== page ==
When writing "Leah's Peace", what are some things that you edited out of the book? What was the inspiration between this heart-touching story?

I’m not an author who writes and then removes scenes very often. I pretty much know right away when something isn’t going to work. I will roughly plot out a book and then as the writing progresses the story will head in its own direction. I find if I go the way the story wants to go rather that try to force it, things work out. Leah’s Peace is one of my favorite books. Leah’s experiences in the Civil War left her scarred. They didn’t have the term PTSD in those days. Leah had been far too stubborn and, when her father hadn’t refused to allow her to go with him, she’d gotten in over her head and couldn’t get out. The message I wanted to give was that God is always with you. He will sustain and give you peace no matter what has occurred in the past. If we rest in Him, He can take those things that haunt us and heal them, giving us that peace that passes all understanding. The love and support given her by Eli helped her overcome the traumas that haunted her. That’s another message I wanted to give. Supporting those you love through their challenges.

How do you think your writing process has changed since writing your first book to now?

I know a lot more now than I did then. I keep much better notes on my characters. That’s especially important when you write series. You need to be consistent not only in the first book about the characters but in subsequent ones too. Also, the town needs to be mapped out and places added. I write with a lot of characters and children. The children need to grow as the years go by. That can lead to rereading a book to figure out how old a child is now and what color hair and eyes of any character is if you haven’t kept good notes. I’m also writing much shorter books now. It seems to be what readers want. It’s sometimes frustrating since I can’t add the subplots my earlier books had. But then the subplots can become books themselves.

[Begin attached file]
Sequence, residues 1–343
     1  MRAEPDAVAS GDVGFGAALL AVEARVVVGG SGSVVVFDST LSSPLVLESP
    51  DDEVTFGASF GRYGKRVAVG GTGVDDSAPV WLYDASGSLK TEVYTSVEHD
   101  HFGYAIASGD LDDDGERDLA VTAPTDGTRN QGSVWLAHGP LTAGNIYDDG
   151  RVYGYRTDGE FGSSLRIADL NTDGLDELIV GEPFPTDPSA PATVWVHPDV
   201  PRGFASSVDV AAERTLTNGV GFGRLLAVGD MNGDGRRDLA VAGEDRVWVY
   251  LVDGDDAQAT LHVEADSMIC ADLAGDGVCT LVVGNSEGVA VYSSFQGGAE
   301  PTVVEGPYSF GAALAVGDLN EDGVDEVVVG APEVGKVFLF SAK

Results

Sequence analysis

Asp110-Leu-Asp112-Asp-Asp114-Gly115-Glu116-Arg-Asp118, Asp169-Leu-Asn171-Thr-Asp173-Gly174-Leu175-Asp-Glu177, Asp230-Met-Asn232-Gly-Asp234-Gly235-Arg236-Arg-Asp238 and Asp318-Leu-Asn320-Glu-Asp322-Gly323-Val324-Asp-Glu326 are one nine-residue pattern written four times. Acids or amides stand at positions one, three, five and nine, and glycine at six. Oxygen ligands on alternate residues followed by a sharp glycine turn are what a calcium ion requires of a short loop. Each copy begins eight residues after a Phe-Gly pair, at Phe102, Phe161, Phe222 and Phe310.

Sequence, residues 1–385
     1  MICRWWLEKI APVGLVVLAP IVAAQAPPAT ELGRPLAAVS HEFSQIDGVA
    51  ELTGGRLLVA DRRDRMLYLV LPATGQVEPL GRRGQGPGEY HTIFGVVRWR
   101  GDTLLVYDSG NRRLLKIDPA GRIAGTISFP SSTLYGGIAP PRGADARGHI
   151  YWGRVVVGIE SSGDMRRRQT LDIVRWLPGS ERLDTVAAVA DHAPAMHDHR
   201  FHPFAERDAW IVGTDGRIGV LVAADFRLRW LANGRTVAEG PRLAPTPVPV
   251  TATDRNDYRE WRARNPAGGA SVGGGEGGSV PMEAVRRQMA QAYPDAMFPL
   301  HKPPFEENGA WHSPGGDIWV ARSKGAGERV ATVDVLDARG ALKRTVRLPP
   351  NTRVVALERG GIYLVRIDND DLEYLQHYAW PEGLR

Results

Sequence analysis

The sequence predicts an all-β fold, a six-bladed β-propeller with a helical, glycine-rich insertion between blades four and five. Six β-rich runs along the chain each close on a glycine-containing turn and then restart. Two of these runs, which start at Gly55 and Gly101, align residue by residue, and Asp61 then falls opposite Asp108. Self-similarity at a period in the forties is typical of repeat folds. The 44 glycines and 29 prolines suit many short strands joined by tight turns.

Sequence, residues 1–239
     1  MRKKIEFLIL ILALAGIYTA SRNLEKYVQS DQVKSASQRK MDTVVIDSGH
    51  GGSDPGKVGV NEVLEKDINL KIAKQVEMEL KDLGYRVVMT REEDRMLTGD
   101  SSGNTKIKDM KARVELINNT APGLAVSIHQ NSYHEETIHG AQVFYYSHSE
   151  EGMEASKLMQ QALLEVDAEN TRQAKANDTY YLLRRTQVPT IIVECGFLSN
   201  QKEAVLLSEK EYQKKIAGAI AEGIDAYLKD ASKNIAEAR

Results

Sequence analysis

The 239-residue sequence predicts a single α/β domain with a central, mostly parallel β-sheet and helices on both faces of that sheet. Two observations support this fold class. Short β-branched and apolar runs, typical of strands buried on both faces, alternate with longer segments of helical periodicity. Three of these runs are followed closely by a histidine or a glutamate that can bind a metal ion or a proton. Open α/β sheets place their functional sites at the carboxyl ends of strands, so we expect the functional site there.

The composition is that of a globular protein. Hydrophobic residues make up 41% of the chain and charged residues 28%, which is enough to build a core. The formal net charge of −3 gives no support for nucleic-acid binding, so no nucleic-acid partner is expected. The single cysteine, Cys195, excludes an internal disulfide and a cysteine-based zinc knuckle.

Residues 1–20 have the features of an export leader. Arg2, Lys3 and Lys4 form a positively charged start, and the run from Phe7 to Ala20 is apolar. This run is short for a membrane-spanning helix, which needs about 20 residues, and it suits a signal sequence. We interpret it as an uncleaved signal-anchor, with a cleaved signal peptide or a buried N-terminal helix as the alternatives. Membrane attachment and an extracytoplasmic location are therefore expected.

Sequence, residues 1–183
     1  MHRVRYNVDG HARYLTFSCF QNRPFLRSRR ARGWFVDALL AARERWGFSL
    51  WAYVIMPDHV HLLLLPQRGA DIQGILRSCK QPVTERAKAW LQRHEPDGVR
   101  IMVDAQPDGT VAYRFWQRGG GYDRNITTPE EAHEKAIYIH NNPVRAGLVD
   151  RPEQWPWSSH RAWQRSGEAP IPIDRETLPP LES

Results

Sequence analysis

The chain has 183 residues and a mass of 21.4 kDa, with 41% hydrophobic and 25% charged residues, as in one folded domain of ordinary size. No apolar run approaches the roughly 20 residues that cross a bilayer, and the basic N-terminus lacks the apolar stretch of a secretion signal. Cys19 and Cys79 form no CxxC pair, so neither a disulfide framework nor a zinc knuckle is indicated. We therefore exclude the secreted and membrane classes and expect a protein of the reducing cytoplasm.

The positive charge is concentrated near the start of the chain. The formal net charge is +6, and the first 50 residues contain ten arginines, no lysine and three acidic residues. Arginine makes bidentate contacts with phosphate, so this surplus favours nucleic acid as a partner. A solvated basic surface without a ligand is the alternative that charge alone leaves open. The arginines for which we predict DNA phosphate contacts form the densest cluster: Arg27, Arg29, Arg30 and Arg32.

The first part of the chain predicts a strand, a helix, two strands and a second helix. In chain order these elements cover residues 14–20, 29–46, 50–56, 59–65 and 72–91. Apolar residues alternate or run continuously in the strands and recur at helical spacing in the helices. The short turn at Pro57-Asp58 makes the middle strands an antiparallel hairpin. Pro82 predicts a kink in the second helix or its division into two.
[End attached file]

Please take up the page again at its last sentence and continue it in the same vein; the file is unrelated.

When did you start writing the Cottonwood series and what is it about this series that you especially love? What is it about this series that makes it stand out from your other books?

I began Healing Love, Cottonwood #1 in February of 2011 and released it in late May of 2012. I learned a lot about writing and indie publishing. Made a lot of mistakes, too. One thing that stands out as I think back, is learning to listen to the characters. In an author’s mind, at least in those I’ve discussed it with, the characters are real people. In Healing Love the character of Maggie was supposed to be a mean girl. At least that’s the way I thought she was going to be. She absolutely refused. I mean refused big time. I finally listened and allowed her to act like she wanted. She became the lead female in Lord’s Love, Cottonwood #2. The third book in the series, Giving Love, deals with coping after devastating loss. Both Katie and Drew have lost their beloved spouses, Katie her infant son. The need of Drew’s newborn and Katie’s willingness to fulfill that need, giving love even when it hurts, honors God and led to them finding the new love God was giving them.

What made you choose Antigua as the setting for your book Rescued By Love as opposed to more generic holiday spots like Hawaii or somewhere in then Caribbean?

I chose Antigua (correctly pronounced An tee gah) because we own a week in a timeshare there and go on a fairly regular basis. The people are so very friendly. It’s a wonderful island that isn’t well known in the US. I wanted to give it a little free publicity. I also am familiar with it and its 365 white sand beaches. That made it easier for me to write descriptions. The marina and bay in the story are real and where our timeshare is located. Besides, what author wants their books to be generic?

How do you maintain the balance between faith and romance in all your books?